All microsporidia share a unique, extracellular spore stage, containing the infective sporoplasm and the apparatus for initiating infection. The polar filament/polar tube when exiting the spore transports the sporoplasm through it into a host cell. While universal, these structures and processes have been enigmatic. This study utilized several types of microscopy, describing and extending our understanding of these structures and their functions. Cryogenically preserved polar tubes vary in diameter from 155 to over 200 nm, noticeably larger than fixed-sectioned or negatively stained samples. The polar tube surface is pleated and covered with fine fibrillar material that projects from the surface and is organized in clusters or tufts. These fibrils may be the sites of glycoproteins providing protection and aiding infectivity. The polar tube surface is ridged with 5-6 nm spacing between ridges, enabling the polar tube to rapidly increase its diameter to facilitate the passage of the various cargo including cylinders, sacs or vesicles filled with particulate material and the intact sporoplasm containing a diplokaryon. The lumen of the tube is lined with a membrane that facilitates this passage. Careful examination of the terminus of the tube indicates that it has a closed tip where the membranes for the terminal sac are located.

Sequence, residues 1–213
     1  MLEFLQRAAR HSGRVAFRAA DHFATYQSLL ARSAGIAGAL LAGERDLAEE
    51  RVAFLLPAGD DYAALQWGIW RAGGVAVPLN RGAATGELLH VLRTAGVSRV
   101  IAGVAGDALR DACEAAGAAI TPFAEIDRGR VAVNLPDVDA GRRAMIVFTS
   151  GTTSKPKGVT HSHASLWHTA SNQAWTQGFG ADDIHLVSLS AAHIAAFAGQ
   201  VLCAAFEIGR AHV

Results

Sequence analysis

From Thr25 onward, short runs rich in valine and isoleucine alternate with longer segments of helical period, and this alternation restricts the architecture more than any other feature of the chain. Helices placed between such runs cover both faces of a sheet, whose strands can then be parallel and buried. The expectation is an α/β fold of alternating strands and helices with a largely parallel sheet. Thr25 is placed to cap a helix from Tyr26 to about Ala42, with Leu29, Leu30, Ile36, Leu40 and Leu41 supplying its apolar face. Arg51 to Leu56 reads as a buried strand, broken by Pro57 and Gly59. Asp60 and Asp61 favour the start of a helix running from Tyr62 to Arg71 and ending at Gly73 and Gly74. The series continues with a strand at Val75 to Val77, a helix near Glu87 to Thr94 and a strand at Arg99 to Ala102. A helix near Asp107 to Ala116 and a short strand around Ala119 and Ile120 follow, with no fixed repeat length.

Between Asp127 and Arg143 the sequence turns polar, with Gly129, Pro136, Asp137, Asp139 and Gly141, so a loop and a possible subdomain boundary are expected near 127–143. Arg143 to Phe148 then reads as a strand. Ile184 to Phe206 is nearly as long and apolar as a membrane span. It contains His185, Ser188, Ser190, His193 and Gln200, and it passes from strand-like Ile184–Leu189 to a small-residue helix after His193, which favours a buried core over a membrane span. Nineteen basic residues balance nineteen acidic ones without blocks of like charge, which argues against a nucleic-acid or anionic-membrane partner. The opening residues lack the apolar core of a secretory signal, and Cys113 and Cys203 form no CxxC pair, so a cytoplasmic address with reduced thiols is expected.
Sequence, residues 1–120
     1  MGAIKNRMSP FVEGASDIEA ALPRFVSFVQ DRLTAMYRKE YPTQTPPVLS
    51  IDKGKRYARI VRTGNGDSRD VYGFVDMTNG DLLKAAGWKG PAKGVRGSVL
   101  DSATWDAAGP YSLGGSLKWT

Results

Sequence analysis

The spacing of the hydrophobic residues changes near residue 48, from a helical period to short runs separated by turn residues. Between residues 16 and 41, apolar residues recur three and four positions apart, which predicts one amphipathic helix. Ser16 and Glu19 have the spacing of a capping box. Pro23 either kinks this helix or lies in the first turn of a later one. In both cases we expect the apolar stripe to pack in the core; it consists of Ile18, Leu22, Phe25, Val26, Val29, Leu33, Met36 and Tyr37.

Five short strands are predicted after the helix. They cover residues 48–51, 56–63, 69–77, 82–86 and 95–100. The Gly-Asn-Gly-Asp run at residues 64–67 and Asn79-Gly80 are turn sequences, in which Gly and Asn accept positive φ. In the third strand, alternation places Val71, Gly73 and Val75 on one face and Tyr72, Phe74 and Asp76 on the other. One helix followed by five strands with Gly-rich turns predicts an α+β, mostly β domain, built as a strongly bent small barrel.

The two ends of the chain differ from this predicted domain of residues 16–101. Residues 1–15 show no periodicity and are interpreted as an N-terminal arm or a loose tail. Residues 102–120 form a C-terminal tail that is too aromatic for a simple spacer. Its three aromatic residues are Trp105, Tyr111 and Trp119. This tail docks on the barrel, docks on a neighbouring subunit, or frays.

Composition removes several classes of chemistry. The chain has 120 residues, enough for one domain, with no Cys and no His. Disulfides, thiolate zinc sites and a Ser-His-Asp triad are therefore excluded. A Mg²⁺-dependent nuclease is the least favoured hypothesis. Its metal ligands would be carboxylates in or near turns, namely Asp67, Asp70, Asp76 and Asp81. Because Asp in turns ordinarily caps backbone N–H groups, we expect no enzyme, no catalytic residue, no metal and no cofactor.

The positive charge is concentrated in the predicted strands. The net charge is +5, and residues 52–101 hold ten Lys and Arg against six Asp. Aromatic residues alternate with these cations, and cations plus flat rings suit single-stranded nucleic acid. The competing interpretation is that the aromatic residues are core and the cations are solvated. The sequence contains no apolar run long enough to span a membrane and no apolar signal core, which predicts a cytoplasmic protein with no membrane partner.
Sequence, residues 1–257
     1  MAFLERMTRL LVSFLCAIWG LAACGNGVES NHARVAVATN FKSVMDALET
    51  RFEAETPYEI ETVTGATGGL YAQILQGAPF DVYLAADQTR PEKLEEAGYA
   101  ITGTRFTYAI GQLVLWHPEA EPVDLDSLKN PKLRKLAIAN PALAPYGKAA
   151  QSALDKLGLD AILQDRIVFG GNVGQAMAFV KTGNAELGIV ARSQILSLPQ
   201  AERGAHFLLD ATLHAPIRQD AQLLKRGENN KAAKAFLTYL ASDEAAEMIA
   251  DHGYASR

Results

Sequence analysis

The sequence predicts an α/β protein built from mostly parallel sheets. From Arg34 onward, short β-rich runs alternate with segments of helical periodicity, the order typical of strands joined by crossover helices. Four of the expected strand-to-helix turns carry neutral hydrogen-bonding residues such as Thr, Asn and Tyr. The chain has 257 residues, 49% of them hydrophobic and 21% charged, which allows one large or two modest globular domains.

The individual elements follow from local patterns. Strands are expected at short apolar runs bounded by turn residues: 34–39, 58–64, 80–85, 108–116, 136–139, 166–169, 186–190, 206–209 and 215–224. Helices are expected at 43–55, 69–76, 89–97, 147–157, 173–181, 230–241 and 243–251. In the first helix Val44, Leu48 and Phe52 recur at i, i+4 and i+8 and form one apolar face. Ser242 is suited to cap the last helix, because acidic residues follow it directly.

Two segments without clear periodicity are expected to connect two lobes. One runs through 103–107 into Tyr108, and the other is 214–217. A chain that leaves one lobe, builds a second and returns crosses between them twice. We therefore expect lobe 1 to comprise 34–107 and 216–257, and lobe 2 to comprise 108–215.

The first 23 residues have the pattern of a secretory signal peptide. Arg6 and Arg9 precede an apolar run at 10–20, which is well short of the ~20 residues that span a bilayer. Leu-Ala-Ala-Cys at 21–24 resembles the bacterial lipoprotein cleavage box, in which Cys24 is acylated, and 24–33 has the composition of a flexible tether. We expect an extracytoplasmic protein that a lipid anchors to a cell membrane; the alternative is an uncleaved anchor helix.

Keywords: 3D-reconstruction; cargo; cryogenic transmission electron microscopy; plunge freeze; polar filament; polar tube protein; spore germination; sporoplasm.
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